A young woman walked through the park one day when she spotted an old man sitting on a bench, drawing. She thought she recognized him as one of her favorite artists and moved in for a closer look. “It is you!” she said when she reached him.
“Please, please,” she asked. “You must sketch my portrait. It’s my dream.”
The old man looked into her eyes and began to move his hand along the paper. Moments later, he handed her the sketch.
“It’s wonderful,” she exhaled. “Thank you, thank you! How much do I owe you?”
“5,000 Francs, madam,” said the old man.
The woman’s face lost its color and she began to frown. “Please, Monsieur Picasso… How could you charge me so much? This sketch only took you a moment.”
“No, madam,” Picasso replied. “It took me my whole life.”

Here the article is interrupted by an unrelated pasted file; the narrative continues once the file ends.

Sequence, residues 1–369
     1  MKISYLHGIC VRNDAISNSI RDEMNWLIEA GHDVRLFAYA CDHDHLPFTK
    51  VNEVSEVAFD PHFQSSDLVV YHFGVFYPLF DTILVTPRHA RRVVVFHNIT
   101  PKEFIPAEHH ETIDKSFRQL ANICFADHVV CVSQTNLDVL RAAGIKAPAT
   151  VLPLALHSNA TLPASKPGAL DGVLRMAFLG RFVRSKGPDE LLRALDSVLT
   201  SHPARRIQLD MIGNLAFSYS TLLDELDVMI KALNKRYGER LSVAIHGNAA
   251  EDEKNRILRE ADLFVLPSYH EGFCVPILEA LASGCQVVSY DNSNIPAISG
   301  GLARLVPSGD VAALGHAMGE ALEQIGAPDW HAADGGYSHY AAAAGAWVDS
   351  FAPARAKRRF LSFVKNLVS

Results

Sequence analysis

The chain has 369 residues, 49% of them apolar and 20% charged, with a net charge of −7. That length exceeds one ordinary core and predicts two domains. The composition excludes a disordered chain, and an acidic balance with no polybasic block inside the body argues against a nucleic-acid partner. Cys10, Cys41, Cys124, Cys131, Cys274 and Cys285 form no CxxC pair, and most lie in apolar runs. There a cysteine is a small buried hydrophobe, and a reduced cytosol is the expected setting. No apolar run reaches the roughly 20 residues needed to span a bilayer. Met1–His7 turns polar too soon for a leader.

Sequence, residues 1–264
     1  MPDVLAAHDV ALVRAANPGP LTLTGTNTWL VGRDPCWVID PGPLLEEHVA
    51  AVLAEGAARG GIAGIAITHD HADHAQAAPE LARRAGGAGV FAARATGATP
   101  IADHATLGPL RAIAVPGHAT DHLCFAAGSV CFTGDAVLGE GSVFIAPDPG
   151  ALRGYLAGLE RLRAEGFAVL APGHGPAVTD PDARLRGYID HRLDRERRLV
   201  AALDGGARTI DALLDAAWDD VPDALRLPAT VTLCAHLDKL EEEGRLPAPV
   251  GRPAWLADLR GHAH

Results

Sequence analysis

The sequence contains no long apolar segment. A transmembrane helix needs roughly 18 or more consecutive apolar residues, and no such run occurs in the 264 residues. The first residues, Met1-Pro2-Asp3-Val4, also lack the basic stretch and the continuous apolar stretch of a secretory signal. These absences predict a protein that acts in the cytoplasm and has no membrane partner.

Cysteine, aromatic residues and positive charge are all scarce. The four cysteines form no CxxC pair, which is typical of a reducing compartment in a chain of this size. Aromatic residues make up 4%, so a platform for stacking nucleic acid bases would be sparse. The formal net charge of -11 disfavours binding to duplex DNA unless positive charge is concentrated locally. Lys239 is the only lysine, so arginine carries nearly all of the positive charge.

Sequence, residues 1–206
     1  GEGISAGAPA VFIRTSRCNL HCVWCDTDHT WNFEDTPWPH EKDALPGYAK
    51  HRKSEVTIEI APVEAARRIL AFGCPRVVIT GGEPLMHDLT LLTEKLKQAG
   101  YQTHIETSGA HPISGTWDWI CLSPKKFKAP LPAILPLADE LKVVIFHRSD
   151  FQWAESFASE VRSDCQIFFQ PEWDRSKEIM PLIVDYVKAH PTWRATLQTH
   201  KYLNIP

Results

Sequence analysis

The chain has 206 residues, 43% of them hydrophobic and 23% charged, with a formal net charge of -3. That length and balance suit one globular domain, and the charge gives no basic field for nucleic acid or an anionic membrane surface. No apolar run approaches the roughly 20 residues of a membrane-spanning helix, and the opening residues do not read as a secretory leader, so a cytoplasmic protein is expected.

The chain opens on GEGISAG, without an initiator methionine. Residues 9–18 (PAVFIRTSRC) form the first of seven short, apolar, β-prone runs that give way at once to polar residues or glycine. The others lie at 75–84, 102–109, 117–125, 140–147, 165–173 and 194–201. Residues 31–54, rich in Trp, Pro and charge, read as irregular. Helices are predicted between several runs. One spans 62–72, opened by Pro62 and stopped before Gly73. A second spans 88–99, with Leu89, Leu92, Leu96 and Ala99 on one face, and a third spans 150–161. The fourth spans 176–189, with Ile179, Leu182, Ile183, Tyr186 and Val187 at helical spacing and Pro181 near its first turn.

This story is often told to help artists think about how to price their work, but when I hear it I think of something else: Repetitio mater studiorum est.
That Latin phrase, engraved somewhere along the sprawl of the former empire, means: Repetition is the mother of all learning.
It’s easy to forget that behind almost every masterpiece is a lifetime dedicated to the craft. Behind every “overnight success” is hundreds of thousands of repetitions and hours of practice.
Some say it takes 10,000 hours of experience to reach mastery. Some say it’s less. Others will tell you that only perfect practice makes perfect. But whatever the magic number or formula for mastery is, one thing is for certain: You need to get your reps.
Good or bad. Focus or distracted. Get your reps.
Repetition Rerum Adiunctorum Aequet
(Creativity Equals Repetition)